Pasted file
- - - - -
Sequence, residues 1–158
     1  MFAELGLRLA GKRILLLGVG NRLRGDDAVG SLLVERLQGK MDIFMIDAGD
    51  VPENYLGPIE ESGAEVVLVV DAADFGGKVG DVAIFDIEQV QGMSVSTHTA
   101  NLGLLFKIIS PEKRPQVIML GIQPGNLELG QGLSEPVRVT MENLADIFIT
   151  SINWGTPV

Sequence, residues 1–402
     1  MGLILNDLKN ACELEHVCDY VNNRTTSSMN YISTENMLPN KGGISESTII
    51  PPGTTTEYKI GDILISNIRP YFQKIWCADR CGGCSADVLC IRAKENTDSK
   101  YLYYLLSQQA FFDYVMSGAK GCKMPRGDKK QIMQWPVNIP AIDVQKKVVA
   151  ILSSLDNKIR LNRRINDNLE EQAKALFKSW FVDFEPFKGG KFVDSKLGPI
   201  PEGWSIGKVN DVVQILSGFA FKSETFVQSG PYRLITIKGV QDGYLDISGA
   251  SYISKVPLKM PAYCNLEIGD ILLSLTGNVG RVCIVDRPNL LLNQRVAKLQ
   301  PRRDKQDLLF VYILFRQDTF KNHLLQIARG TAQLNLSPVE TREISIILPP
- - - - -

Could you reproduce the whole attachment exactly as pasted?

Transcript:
Sequence, residues 1–158
     1  MFAELGLRLA GKRILLLGVG NRLRGDDAVG SLLVERLQGK MDIFMIDAGD
    51  VPENYLGPIE ESGAEVVLVV DAADFGGKVG DVAIFDIEQV QGMSVSTHTA
   101  NLGLLFKIIS PEKRPQVIML GIQPGNLELG QGLSEPVRVT MENLADIFIT
   151  SINWGTPV

Sequence, residues 1–402
     1  MGLILNDLKN ACELEHVCDY VNNRTTSSMN YISTENMLPN KGGISESTII
    51  PPGTTTEYKI GDILISNIRP YFQKIWCADR CGGCSADVLC IRAKENTDSK
   101  YLYYLLSQQA FFDYVMSGAK GCKMPRGDKK QIMQWPVNIP AIDVQKKVVA
   151  ILSSLDNKIR LNRRINDNLE EQAKALFKSW FVDFEPFKGG KFVDSKLGPI
   201  PEGWSIGKVN DVVQILSGFA FKSETFVQSG PYRLITIKGV QDGYLDISGA
   251  SYISKVPLKM PAYCNLEIGD ILLSLTGNVG RVCIVDRPNL LLNQRVAKLQ
   301  PRRDKQDLLF VYILFRQDTF KNHLLQIARG TAQLNLSPVE TREISIILPP